While the news is spreading far and wide, it’s still worth mentioning the signed phytosanitary agreement between the U.S. and China. This is the first step in opening up a new market for U.S. rice. While it will still be some time before the full effect of this event is realized and U.S. rice actually reaches China, it is a major step for the U.S. rice industry.
“Warp speed, Mr. Sulu!” The rice crop is moving at a rapid pace with the hot, sunny days of late. This is a big positive to maximizing grain fill as we enter heading. What it can’t do is reverse the likely reduced number of kernels formed back during the overcast month of June. However, if we can fill all the kernels we did make we might not feel the burn too bad.
The upcoming forecast is one that should give us mixed emotions. It seems the heat will break some over the next 14 days, particularly the nighttime temperatures. However, there is rain the forecast to go along with it, and that’s bad timing for potential issues with blast, sheath blight, and bacterial panicle blight.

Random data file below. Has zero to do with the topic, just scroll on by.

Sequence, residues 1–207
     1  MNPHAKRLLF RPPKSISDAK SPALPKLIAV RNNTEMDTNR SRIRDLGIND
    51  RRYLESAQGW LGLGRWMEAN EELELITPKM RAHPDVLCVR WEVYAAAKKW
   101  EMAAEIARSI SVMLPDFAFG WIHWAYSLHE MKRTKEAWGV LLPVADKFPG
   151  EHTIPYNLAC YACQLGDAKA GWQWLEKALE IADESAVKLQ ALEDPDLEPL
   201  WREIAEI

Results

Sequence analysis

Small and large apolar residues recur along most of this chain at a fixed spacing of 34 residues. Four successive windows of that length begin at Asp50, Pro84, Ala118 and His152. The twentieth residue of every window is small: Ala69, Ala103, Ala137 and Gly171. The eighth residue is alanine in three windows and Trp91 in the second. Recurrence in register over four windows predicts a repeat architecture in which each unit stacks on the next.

Be diligent in scouting for diseases and carefully read the disease update below.
Arkansas Rice College is August 3rd
The 2017 Rice College will be held at the Rice Research & Extension Center at Stuttgart, AR on Thursday, Aug. 3. For more information and to register go here: 2017 Rice College Information & Registration.
Deadline for registration is July 26. Cost is $75. No on-site registration will be allowed the day of the event.
Rice Disease Update
To date, we have received reports of leaf blast in 12 Arkansas counties including Woodruff, Monroe, Perry, Pulaski, Lawrence, Clark, St. Francis, Randolph, Jackson, Desha, Clay, and Greene. Cultivars reported include Jupiter, LaKast, Diamond, Francis, Titan, Diamond, Rex, Roy J, and CL151.
Although the high temperatures appeared to slow down leaf blast, the morning fog and dew are still of concern. All these varieties have been known as susceptible to leaf blast. However, there has not been a report of leaf blast blowing up up to leaf burndown so far.